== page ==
Addiction and anger are closely connected. The American Psychological Association defines anger as an emotion categorized by tension and aggression resulting from frustration. This frustration can arise from real or perceived injury or injustice from another person or external force. Things that may lead to anger include situations at work, at home, with friends, or even strangers. Feeling unloved, misunderstood, helpless, exhausted, criticized, or unfairly treated can also lead to feelings of anger.
Furthermore, anger urges you to move closer to something positive or to move farther away from something harmful or painful. Anger is born out of perceiving that something the self needs is absent, or that something that the self can’t deal with is present. Therefore, anger is a barometer that tells the body that you need to deal with a problem. Anger can keep us safe, help clarify our boundaries, and challenge us. The issues with anger come from misusing or ignoring our anger.
Bottling Up Anger is Dangerous
Ignoring our anger does not make it go away. Instead, it creates destruction on emotional, mental, and physical levels. The reason is that it takes a lot of energy to bottle up the anger and keep it below our conscious radar. We are scared to feel our anger, so we lock it away and suppress it, which only leads to a build-up of the anger. Much like shaking a bottle of carbonated soda, when anger is bottled up, it bubbles beneath the surface, and when released, it explodes. Therefore, unresolved anger can cause mental health conditions. For example, depression is inward anger characterized by apathy and emotional numbness, which occurs when our emotional and psychological systems shut down in an attempt to avoid feeling pain.
Repressing anger leads to physical symptoms, such as muscle tension and physical pain in the head, back, or neck. Beneath anger is hurt, so anger is pain and thus creates pain. In ignoring that pain, it will lead to anger, and then dysfunctional, self-destructive behavior. This self-destructive behavior can lead to mental health issues, such as depression, which is a risk factor for developing drug or alcohol addiction.
Anger May Lead to Addiction
A study from 2016 assessed the relationship between levels of anger and outcomes of treatment in a large sample of adolescents that participated in substance abuse treatment. According to this study published by The National Center for Biotechnology Information (NCBI), individuals with high levels of anger are more likely to abuse drugs or alcohol. They are also more likely to have psychological issues than those with low levels of anger. Furthermore, the study found that 80% of those individuals researched with high levels of anger experienced depression as a combination of both sadness and anger. People suffering from substance abuse disorder, or addiction, tend to have a lot of repressed anger. Furthermore, repressing anger sabotages mental health and, therefore, happiness. Subsequently, looking more in-depth at the causes of anger may help to heal mental health and addiction.
Anger During Addiction Recovery
According to the study published by NCBI, angry individuals in recovery are less likely to finish addiction treatment. Dropping out of treatment is a frequent behavior of hostile individuals, due to the accompanying frustration and unbearable thoughts or feelings. A primary aspect of addiction is an inability to bear to be present in one’s own life. Addiction is a way to escape reality, and recovery helps individuals develop ways to deal with their reality in healthy ways. Therefore, long-term recovery requires an individual to access, express, and own their anger so that they can release mental and emotional pain. Those individuals who complete treatment and have high levels of anger are also more likely to experience relapse than those with low anger levels. Additionally, anger can lead to relapse due to the build-up of tension and ensuing outbursts or negative actions.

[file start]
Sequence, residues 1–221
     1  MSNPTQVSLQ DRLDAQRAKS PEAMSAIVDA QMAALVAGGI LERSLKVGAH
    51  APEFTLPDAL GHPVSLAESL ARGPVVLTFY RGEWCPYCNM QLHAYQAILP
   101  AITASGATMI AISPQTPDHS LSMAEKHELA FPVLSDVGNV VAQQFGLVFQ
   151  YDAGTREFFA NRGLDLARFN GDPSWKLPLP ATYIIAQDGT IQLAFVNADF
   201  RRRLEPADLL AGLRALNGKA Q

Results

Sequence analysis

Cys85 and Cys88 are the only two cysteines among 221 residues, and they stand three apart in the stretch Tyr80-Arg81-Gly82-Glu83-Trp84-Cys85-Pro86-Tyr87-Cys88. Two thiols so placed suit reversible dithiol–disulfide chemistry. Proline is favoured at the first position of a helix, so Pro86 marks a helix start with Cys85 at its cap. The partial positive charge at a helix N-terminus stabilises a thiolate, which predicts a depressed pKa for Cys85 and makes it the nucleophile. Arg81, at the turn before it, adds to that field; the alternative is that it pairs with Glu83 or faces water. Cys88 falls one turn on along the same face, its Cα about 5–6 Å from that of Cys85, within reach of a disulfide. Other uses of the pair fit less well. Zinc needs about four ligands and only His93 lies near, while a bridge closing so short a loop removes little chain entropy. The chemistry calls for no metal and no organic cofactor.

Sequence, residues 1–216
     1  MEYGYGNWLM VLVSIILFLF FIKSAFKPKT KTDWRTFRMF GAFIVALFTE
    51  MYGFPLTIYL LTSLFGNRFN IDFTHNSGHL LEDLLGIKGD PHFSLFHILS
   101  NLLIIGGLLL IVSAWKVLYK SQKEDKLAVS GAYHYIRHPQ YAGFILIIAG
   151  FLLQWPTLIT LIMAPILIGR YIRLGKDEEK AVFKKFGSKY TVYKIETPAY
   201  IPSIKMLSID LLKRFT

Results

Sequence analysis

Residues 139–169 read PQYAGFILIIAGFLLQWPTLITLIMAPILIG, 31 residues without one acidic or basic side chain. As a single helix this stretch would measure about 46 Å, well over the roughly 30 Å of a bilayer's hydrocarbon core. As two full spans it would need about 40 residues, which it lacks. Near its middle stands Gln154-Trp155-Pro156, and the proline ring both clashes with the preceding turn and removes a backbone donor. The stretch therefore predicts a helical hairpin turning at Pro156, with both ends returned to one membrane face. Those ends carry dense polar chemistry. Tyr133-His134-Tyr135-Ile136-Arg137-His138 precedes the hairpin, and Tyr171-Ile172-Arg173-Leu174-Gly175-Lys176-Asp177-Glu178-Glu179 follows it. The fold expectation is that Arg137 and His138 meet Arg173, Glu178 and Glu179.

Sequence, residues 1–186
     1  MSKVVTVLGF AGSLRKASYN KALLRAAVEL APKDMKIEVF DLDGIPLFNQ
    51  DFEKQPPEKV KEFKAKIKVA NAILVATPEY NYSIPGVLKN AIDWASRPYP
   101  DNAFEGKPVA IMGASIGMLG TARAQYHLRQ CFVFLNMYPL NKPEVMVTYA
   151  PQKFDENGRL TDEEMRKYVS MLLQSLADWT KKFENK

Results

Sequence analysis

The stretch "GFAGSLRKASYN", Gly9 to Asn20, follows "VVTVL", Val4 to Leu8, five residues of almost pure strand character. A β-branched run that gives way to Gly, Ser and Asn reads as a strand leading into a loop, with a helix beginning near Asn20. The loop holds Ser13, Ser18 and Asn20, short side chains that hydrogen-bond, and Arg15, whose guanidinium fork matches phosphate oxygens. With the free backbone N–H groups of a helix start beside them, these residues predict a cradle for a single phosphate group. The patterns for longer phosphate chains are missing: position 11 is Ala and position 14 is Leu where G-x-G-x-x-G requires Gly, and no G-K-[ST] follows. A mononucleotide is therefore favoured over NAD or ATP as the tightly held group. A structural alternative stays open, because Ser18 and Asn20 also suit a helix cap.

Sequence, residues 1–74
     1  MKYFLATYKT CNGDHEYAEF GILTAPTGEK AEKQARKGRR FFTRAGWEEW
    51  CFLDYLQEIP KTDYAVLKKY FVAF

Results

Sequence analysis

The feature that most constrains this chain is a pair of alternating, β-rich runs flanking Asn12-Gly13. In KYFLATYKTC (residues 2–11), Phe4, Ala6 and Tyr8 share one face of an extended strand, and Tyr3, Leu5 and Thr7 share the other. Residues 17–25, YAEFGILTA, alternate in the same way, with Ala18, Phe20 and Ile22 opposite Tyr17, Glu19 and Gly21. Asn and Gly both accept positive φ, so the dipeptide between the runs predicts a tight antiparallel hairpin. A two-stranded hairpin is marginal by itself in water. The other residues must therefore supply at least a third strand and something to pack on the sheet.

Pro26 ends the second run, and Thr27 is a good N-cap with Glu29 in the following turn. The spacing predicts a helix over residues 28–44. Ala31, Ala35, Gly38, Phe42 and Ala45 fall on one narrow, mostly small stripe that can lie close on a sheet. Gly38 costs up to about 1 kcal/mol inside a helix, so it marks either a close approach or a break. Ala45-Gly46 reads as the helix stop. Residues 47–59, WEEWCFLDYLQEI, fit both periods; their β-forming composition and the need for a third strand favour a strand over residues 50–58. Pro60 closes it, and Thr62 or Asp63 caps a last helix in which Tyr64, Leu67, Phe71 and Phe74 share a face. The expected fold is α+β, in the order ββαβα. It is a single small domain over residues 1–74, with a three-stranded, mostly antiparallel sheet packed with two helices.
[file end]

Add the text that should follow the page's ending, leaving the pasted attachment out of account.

Dealing with Anger
Dealing with anger in healthy ways could combat the ever-worsening rates of mental illness and drug abuse in the United States. It is crucial to understand what triggers our anger and learn to manage it effectively. Noticing its physical signs could help one interrupt the “fight or flight” response. Focusing on breathing, taking a break from the situation, or taking a quick walk can all help alleviate these physical symptoms and deal with the anger effectively. Distraction, journaling, connecting with nature, and relaxing are a few of the techniques one can use to manage angry feelings. After recognizing the signs, interrupting the anger response can help one to manage their emotions and therefore stop them from engaging in negative or inappropriate actions. Therefore, managing anger is far more productive than suppressing it. Suppressing anger often leads to destructive behaviors towards oneself or others, and can also lead to the development of psychological issues, and subsequent addictions to drugs or alcohol.
Looking for Help?
It is crucial to identify and deal with anger issues during recovery. By not ignoring or dismissing anger, you can learn to understand and cope with it in positive and constructive ways. Otherwise, recovery from an addiction to drugs or alcohol can be hard to overcome. Anger is a complex emotion that we must understand to conquer it, much like an addiction. At Fort Worth Recovery, we offer a nurturing space to support clients on their road to long-lasting recovery. If you or a loved one is struggling with an addiction to drugs or alcohol, call us today at 817-381-9741 or visit us online.